Game Over On Wall Street?

The lacklustre stock market debut for Zynga raises questions over whether the new tech bubble is already deflating, before Facebook's IPO

Click to follow
The Independent Online

Shares in the US social media gaming firm Zynga, famed for its hit Facebook game Farmville, failed to sparkle on its stock market debut yesterday.

The initial public offering at $10 a share, which was at the high end of expectations, valued the company at $8.9bn (£5.7bn). But when the shares began trading on Nasdaq, they rose only a fraction before falling back below the IPO price.

Zynga was being closely watched on Wall Street and in the City because it is widely seen as a precursor to the flotation of Facebook, expected next year with an astronomic price tag of $100bn.

Investors have been desperate to buy into any company involved in social media as consumers spend more and more time on such sites. With Facebook not yet ready to float, Zynga offered the next best way to reach that audience of 800 million members and rising.

Zynga has more than 200 million monthly users, on a par with Twitter, and it publishes five of the top six games played on Facebook, including Cityville, Mafia Wars and Zynga Poker as well as Farmville.

The Zynga flotation, run by Goldman Sachs and Morgan Stanley, was hardly a damp squib. The IPO, equivalent to 11 per cent of the company, raised $1bn, making it the biggest US internet float since Google raised $1.7m in 2004.

Chief executive Mark Pincus, a 45-year-old ex-Lazard banker, only founded Zynga in 2007, naming the company after his dog. Pincus has become an instant billionaire with his 15 per cent shareholding worth around $1.34bn.

Ian Maude, analyst at Enders Analysis, said he was not surprised by the lacklustre opening. "They priced at the high end of the target price and there is always a lot of speculation about IPOs with people going in to turn a quick profit," he said. "And Zynga have just got one billion dollars in the bank."

Even so, some shareholders may be jittery. Many have got their fingers burnt before by dot-com stocks. Two recent debuts, by business networking site LinkedIn and discount website Groupon, have also been disappointing. LinkedIn shares are above their IPO price in May but have nearly halved from the peak. Groupon has gone sideways. Other social media firms such as MySpace and Bebo fell as fast as they rose.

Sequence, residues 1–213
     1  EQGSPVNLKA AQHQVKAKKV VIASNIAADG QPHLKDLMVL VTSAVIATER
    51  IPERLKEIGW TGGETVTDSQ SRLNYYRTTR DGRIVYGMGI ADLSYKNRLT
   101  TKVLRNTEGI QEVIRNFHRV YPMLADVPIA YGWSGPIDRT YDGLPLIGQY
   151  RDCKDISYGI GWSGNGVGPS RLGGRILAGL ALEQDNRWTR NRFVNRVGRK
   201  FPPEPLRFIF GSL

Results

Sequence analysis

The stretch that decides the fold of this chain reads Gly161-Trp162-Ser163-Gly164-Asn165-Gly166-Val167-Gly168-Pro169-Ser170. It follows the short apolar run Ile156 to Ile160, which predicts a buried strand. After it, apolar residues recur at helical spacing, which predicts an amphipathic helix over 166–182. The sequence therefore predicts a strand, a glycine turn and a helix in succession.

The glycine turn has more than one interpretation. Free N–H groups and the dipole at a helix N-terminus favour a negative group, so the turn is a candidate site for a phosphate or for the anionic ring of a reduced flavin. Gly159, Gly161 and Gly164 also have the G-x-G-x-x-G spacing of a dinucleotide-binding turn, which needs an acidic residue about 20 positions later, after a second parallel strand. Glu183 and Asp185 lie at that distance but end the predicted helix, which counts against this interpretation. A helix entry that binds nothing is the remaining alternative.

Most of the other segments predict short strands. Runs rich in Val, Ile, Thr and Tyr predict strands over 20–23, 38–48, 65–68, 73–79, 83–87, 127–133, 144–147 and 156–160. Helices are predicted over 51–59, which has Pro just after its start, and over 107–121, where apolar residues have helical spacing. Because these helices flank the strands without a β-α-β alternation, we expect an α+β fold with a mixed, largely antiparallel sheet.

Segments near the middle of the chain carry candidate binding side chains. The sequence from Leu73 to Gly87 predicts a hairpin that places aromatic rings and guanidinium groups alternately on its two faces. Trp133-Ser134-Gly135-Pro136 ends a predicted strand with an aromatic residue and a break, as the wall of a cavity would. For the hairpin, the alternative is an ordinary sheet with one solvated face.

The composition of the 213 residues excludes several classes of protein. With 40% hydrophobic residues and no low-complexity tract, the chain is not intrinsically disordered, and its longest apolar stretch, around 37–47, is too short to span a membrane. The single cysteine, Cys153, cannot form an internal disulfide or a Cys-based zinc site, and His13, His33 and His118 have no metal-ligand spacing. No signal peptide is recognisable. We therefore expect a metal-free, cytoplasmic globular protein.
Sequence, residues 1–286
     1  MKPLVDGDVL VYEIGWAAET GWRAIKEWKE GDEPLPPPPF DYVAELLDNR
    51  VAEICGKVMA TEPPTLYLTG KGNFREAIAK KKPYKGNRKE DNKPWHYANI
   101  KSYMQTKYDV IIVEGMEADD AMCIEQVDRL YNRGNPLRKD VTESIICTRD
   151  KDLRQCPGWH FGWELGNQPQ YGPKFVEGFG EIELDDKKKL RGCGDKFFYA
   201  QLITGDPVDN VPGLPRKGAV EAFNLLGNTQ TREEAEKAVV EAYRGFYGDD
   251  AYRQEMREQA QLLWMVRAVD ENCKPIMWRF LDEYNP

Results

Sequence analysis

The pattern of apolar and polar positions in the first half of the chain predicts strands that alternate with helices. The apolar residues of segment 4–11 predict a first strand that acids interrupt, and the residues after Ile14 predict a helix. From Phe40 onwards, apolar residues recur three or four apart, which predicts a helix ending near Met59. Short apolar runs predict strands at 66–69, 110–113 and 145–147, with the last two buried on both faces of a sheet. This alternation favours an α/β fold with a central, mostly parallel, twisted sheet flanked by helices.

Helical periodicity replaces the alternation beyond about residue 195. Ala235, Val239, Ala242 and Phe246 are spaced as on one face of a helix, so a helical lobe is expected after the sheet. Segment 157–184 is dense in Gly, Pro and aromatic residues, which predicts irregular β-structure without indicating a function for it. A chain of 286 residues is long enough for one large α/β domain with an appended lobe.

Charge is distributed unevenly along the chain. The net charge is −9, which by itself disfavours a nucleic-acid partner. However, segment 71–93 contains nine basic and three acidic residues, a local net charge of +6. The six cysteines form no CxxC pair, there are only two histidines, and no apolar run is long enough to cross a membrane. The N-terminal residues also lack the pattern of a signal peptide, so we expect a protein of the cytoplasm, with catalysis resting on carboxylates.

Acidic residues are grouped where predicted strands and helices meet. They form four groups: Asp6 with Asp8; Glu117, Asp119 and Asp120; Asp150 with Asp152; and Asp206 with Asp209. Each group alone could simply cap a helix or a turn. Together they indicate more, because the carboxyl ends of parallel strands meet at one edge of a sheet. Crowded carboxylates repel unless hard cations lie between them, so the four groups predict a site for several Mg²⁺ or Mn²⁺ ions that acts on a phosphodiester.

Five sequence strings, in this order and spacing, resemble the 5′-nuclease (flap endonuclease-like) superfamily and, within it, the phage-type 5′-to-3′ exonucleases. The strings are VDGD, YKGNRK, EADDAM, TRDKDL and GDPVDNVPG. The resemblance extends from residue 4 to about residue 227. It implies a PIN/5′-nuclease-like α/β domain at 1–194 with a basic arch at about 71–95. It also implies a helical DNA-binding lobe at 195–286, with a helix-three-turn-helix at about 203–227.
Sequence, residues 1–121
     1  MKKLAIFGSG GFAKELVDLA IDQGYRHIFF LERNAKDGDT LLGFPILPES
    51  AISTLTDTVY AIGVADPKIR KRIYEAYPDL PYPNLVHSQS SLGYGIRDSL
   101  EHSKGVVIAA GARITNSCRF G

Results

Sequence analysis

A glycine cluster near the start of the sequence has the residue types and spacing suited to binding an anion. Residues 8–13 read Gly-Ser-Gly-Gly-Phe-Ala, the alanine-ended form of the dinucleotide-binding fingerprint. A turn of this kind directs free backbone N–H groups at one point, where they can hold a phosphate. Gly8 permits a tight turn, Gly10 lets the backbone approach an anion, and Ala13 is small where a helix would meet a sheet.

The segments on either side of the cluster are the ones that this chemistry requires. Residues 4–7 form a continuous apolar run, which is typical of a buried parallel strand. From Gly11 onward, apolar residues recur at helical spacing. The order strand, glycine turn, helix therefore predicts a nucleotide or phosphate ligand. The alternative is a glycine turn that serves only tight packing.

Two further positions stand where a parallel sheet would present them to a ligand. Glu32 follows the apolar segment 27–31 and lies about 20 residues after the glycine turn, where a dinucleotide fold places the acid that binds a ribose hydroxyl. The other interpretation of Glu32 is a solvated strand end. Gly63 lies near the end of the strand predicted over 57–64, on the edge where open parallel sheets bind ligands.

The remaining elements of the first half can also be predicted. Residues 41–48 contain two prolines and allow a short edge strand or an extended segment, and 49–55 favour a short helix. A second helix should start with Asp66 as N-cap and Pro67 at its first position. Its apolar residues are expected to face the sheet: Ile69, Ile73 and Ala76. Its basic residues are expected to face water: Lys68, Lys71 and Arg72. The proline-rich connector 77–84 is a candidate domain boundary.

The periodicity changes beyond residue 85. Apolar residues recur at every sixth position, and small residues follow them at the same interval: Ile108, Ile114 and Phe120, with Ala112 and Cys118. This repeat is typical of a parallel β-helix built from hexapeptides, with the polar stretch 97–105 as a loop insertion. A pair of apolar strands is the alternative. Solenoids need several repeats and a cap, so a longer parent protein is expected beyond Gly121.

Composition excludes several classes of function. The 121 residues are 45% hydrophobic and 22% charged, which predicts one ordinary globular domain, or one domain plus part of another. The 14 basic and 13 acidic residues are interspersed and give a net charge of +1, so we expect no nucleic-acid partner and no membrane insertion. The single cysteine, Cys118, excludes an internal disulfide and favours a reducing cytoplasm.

Investors can always find reasons why it will be different this time and Zynga has shown it is possible to generate significant revenues, as opposed to just audiences, from social networking. Wall Street and the City also like gaming.

At a time when many consumers are reluctant to pay for digital content, people will still spend on games — witness the new edition of Call Of Duty, made by Activision Blizzard, which grossed more than $1bn in just 16 days. The global video games market is worth around £40bn, with the UK in third place with 7 per cent, after the US and Japan.

Zynga operates a "freemium" business model, a mixture of free and paid-for content. The games are free but users pay small sums for extra features or to give virtual gifts to their friends.

Zynga generated $829m in sales in the first nine months of this year, double a year earlier. Facebook takes a 30 per cent cut of revenues.

The Zynga model is not just about charging fees, indeed it is said only around 3 per cent pay. The other key revenue source is advertising. Farmville's sponsorship deals have included Starbucks paying for a virtual coffee store on the site.

The games firm can also tap into a trove of personal data thanks to being on Facebook. Click on Farmville for the first time and a user is asked for permission to let Zynga see their "name, profile picture, gender, networks, user ID, list of friends, and any other information I've made public".

Zynga may also look at a user's birthday, "current city" and "games and app activity". Then Farmville "may post status messages, notes, photos, and videos on my behalf". Lorna Tilbian, analyst at Numis Securities, believes advertising is a big opportunity for social sites. "I think they will take a lot of display advertising the way Google took classifieds," she said , pointing to the fact people are spending so much more time on games and online. "It just takes people's time away from traditional media."

Zynga's rise has hit established games-makers. The Farmville company is not far behind Activision Blizzard's $13.6bn valuation.

The fear is that Zynga is overpriced. At $8.9bn, it was valued at around nine times annual sales while Activision is on three times.

Consumers can also be fickle as even Farmville has lost users. Maude of Enders said: "We expect social games' life expectancy to shorten over time, due to increased numbers of games available and slowing growth in the number of social gamers."

Other analysts worry that Zynga is too closely tied to Facebook, responsible for 95 per cent of the games-maker's revenues.

Investors care so much about Zynga because of Facebook. Mark Zuckerberg, Facebook's founder, will certainly be monitoring every move of Zynga's share price after its less-than-inspiring debut. He knows its fortunes will be the best indicator of how Facebook's IPO will fare.

Still tempted: here's how to buy

Can Britons buy Zynga shares?

Most UK fund managers will have a North America desk so can buy Zynga shares easily.

An individual can also buy shares through a UK private-client stockbroker who will hold them in a nominee account. Dividends will be paid in dollars and are subject to US withholding tax.

But Lorna Tilbian at broker Numis Securities, says most individuals are likely to stick to UK firms rather than invest in the US.

"They don't want the currency risk, you're away from the action and something dramatic can happen overnight when you're asleep," she said.